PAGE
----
Those who trust in the Lord are as Mount Zion, which cannot be moved but abides forever. Psalm 125:1.
Last week we began the story of Zilpha Elaw, an early nineteenth-century black female evangelist. Zilpha had married in 1810, had a daughter the following year, and was widowed in 1823 at age 32. We now pick up our story at that point.
Zilpha Elaw continued to work to support herself after both her husband and her sister died. She had long ago received a call from God to go out and preach the Gospel. She kept putting it off because she did not feel worthy to do so. She was uneducated compared to other ministers who had been to seminary. Zilpha was also worried about the fact that she was black. She prayed to God, “Lord! Send by whom thou wilt send, only send not by me; for thou knowest that I am ignorant; how can I be a mouth for God! — a poor, coloured female; and thou knowest we have many things to endure which others do not.”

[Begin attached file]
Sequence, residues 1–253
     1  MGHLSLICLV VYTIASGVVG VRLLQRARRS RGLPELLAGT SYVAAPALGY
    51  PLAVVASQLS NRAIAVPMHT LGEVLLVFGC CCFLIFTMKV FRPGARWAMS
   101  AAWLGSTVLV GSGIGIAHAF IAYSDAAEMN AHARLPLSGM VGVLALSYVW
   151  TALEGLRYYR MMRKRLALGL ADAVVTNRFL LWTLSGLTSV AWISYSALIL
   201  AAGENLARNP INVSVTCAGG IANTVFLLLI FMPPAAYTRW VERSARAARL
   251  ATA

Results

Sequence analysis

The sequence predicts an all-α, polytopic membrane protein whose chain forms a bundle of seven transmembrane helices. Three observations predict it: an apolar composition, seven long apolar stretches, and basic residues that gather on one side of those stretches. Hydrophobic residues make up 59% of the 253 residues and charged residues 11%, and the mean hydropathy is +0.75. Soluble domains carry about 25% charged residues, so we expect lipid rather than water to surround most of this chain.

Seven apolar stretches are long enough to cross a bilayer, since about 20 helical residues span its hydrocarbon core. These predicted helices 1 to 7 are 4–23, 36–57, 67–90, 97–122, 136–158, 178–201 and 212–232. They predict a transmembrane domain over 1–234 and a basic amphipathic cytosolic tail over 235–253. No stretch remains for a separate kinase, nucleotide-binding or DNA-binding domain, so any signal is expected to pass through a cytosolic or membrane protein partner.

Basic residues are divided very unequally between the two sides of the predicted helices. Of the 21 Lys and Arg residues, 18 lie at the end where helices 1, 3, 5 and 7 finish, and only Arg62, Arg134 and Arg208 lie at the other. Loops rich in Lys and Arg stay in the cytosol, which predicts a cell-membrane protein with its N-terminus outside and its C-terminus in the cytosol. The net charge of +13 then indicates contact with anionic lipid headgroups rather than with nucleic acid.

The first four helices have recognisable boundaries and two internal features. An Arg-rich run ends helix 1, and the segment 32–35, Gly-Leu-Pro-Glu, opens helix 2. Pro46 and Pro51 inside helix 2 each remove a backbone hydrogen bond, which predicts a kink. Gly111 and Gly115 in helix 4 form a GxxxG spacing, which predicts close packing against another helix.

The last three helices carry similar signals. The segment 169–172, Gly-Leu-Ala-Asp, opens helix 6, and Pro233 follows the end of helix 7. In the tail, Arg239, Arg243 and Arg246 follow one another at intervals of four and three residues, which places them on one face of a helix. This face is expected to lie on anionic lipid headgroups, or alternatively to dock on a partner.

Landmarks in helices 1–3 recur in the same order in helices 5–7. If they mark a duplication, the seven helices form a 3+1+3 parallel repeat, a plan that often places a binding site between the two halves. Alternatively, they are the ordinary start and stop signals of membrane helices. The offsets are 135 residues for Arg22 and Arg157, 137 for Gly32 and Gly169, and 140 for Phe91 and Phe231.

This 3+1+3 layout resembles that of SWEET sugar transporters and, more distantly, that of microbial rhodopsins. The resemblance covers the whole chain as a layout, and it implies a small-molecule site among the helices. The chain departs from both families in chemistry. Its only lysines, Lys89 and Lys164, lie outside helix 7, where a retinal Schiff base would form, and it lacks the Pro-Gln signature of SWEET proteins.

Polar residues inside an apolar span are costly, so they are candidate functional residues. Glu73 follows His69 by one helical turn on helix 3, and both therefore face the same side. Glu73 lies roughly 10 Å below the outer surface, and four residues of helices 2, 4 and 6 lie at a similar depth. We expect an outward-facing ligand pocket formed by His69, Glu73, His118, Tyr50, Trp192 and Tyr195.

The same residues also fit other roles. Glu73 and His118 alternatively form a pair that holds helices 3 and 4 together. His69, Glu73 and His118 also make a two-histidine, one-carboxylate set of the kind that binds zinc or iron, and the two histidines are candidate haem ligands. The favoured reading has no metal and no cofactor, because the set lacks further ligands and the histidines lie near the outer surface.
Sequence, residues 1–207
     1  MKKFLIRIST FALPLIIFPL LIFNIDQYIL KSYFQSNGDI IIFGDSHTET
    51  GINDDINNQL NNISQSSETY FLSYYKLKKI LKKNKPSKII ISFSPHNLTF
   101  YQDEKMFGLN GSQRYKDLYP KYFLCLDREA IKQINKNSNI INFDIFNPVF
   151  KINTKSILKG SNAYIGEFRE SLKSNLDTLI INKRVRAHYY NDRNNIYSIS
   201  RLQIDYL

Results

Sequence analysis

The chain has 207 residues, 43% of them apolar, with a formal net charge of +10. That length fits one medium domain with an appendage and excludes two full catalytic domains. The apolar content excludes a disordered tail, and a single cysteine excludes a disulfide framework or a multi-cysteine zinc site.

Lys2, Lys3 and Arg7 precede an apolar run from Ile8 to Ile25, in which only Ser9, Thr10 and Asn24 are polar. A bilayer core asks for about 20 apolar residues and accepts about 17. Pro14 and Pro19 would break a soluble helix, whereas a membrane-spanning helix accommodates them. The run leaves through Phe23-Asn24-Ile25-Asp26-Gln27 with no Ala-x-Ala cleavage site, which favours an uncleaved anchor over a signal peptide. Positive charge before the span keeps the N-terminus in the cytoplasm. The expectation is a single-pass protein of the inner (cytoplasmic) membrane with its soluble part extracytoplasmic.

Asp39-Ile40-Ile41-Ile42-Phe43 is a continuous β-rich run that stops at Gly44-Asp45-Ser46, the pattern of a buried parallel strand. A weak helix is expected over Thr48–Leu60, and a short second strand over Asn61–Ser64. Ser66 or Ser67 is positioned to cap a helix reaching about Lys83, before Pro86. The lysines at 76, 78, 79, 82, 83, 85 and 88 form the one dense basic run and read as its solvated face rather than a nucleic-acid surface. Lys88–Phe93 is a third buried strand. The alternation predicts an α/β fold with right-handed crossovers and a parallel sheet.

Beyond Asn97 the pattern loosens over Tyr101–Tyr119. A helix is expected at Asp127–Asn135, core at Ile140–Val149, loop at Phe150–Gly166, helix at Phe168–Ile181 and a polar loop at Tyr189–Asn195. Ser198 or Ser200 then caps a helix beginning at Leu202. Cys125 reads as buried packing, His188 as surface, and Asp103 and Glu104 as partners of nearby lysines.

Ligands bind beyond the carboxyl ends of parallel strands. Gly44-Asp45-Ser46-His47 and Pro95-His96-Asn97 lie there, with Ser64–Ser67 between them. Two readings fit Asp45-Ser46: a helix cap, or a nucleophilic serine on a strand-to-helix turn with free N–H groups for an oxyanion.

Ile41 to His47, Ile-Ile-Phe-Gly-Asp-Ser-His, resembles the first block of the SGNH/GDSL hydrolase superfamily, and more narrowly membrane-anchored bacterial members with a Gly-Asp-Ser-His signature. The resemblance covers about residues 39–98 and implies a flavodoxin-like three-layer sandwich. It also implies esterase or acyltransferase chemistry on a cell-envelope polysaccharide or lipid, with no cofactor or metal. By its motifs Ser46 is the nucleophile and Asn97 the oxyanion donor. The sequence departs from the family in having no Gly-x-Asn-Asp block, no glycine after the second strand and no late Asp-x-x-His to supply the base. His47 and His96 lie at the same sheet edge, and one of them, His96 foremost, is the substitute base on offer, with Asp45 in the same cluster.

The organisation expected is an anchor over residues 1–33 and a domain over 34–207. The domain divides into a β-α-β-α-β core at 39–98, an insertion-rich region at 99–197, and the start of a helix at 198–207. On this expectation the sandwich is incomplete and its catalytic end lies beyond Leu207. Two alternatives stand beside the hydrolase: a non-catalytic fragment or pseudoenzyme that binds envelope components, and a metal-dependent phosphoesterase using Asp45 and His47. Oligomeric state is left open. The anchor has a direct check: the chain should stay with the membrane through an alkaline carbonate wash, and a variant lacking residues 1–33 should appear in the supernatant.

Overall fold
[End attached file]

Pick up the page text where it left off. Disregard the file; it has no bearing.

Zilpha had not yet learned the lesson from 2Corinthians 3:5 (“Not that we are adequate in ourselves to consider anything as coming from ourselves, but our adequacy is from God.”). God answered her objection, “What is that to thee? Follow thou me.”
Placing her child with some relatives, Zilpha began her journey of preaching salvation to lost souls. She would travel to many states including the slaveholding states in the South. Here she ran the risk of being kidnapped and sold into slavery. The Lord protected her; she preached to both black and white folks. Some wealthy white people put her under their wings, caring for her even when she got ill.